"It stinks from the top down. There is a credibility gap a mile wide. In short, we have become a laughing stock," Kent, a 40-year UH professor, said. "Yes, the current president should be given her walking papers: She has discredited herself."
"My students tell me they can't get the classes they need to graduate, or the counselors they need to advise them. Of course, nobody asks them if Greenwood has been an exceptional president," Kent told the regents.
Kent was the only person to oppose Greenwood in public testimony.
UH Astronomy Professor Gunther Hasinger backed the embattled president.
Hasinger said, "President Greenwood's understanding of the astronomy program and her support of it have contributed immensely to her recent accomplishments and her continued leadership is in this area equally important going forward."
Retired judge Walter Heen, who served with Greenwood on an advisory committee on Mauna Kea telescopes, told the regents, "If she is not retained as president of the university, I am convinced from my experience with Mauna Kea that we will lose that opportunity to become among the best institutions insofar as astronomical research is concerned."
Steve Colon, the president of Hunt Development Group, which owns land in West Hawaii next to where UH is building a new community college campus, testified in favor of Greenwood.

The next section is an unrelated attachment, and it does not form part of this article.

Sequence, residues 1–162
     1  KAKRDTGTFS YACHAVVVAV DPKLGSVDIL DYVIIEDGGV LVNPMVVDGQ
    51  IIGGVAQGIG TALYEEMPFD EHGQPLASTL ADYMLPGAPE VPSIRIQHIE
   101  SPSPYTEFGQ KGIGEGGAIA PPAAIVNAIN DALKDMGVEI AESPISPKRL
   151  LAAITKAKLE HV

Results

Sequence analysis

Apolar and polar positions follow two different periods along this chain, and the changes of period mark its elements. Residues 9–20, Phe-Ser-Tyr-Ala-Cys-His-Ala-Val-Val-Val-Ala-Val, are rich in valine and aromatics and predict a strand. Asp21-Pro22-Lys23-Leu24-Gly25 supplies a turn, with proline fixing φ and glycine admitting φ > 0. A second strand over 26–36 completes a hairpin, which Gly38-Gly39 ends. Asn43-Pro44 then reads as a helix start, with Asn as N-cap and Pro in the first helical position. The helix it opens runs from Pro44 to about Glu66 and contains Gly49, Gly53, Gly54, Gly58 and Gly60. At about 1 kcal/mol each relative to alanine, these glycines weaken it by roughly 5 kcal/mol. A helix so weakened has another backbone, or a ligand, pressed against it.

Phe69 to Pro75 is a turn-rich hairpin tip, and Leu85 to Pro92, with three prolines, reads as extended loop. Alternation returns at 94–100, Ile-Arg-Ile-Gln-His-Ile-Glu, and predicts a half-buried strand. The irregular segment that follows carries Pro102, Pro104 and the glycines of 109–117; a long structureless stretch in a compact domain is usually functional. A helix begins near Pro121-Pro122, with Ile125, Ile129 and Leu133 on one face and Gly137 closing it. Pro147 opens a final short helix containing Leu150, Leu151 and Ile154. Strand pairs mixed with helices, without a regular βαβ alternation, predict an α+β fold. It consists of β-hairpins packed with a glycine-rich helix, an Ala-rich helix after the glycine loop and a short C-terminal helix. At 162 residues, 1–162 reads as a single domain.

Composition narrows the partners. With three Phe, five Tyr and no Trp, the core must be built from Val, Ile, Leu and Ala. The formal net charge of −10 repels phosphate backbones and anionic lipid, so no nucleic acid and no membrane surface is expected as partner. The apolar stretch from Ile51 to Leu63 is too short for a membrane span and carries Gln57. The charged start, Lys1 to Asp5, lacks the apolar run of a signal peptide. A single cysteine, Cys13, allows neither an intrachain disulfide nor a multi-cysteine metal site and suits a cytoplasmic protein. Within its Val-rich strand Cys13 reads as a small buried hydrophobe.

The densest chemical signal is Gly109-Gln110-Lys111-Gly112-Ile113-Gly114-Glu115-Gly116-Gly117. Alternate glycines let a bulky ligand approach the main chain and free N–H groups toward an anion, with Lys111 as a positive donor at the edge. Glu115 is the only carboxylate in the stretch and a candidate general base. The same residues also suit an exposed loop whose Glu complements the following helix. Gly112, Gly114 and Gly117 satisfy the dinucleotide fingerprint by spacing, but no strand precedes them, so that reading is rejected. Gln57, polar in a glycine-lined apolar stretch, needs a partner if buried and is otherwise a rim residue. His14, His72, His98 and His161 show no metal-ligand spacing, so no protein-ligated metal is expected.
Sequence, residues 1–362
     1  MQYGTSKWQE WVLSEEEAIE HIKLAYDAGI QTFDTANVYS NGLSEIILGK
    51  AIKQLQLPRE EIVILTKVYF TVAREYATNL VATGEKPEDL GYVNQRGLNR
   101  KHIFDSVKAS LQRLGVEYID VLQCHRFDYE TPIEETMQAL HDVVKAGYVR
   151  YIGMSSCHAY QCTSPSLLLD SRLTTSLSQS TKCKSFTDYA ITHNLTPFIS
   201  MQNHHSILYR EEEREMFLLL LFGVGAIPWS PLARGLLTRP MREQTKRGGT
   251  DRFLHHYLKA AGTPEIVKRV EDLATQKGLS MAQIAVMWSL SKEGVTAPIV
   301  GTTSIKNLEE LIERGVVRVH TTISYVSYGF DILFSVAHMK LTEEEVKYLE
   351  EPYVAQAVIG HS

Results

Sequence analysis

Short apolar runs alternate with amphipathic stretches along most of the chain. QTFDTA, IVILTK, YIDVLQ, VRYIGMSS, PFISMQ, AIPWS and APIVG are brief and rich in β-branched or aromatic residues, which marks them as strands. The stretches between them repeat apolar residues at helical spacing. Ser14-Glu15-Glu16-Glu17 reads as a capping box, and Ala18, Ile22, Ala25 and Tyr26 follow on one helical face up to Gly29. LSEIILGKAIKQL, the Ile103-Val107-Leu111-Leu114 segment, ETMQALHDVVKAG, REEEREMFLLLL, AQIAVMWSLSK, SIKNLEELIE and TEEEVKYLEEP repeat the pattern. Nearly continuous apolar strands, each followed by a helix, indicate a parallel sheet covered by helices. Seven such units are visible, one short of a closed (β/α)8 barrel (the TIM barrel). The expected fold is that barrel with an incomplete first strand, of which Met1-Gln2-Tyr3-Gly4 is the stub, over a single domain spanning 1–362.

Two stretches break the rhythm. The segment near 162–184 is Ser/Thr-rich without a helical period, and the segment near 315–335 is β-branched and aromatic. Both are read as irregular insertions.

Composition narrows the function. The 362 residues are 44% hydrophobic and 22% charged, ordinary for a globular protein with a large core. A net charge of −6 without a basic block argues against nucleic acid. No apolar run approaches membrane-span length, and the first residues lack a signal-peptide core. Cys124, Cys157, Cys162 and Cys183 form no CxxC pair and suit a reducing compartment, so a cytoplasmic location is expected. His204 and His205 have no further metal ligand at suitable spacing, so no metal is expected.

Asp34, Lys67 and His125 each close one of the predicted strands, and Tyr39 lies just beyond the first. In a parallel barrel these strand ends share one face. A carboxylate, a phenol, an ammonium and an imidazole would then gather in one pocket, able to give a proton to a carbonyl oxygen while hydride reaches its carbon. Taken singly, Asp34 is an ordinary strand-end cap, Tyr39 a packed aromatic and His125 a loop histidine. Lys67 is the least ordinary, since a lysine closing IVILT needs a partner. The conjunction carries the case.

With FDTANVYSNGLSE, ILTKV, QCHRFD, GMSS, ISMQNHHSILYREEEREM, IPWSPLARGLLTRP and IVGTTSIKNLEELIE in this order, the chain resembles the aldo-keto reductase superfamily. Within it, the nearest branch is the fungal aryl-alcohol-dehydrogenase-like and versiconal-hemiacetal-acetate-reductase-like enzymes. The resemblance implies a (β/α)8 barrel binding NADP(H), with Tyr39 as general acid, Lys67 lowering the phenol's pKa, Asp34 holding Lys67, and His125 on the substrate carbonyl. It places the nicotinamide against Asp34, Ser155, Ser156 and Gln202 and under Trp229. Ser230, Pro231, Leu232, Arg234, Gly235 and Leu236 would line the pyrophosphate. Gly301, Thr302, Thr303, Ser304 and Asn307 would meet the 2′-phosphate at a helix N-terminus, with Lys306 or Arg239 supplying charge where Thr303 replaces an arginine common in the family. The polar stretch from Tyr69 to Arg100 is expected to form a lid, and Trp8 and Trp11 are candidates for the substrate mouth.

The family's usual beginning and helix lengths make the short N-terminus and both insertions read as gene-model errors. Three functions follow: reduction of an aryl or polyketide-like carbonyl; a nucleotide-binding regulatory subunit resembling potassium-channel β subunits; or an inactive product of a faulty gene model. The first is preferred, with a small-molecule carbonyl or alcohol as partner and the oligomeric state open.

"While others helped move this along, I feel strongly that MRC's involvement, oversight and monitoring of the development agreement negotiations and subsequent procurement process has been critical to getting us to this point," Colon said. He said groundbreaking on the project will happen in the next few months.
About 24 people submitted written testimony to the regents.
Greenwood has recently come under fire for her handling of the Stevie Wonder concert fiasco and its aftermath. The UH Manoa Faculty Senate will take up a proposal for a "no confidence" vote about Greenwood next week.
Sources said there is no firm consensus among the 15-member Board of Regents about whether they should fire Greenwood. About four or five regents firmly support Greenwood, including Martinson, who is the chair, and the regents' two vice chairs, James Lee and Carl Carlson, sources said. Another faction of four or five regents opposes Greenwood and feels she should be terminated, sources said. It's unclear how the remaining regents stand on whether she should remain or be let go.
Regents will have to weigh Greenwood's last three years as president and decide whether her handling of the concert debacle and its aftermath, which has been widely criticized, is reason enough to fire her. Regents must also decide whether Greenwood will be able to be effective in dealing with Gov. Neil Abercrombie, state lawmakers and other key constituencies that have been upset with her handling of the matter and the senate hearings that were held this fall.
It could be both difficult and expensive to try to terminate Greenwood or other top UH executives, according to a Hawaii News Now review of university procedures, policies and employment agreements.
Greenwood's contract pays her an annual salary of $475,008 as well as a $5,000-a-month housing allowance and the use of an automobile or a car allowance of $326 a month. For the past two years, Greenwood has voluntarily reduced her pay by 10 percent, while other UH executives voluntarily reduced their pay and unionized employees endured mandatory pay reductions.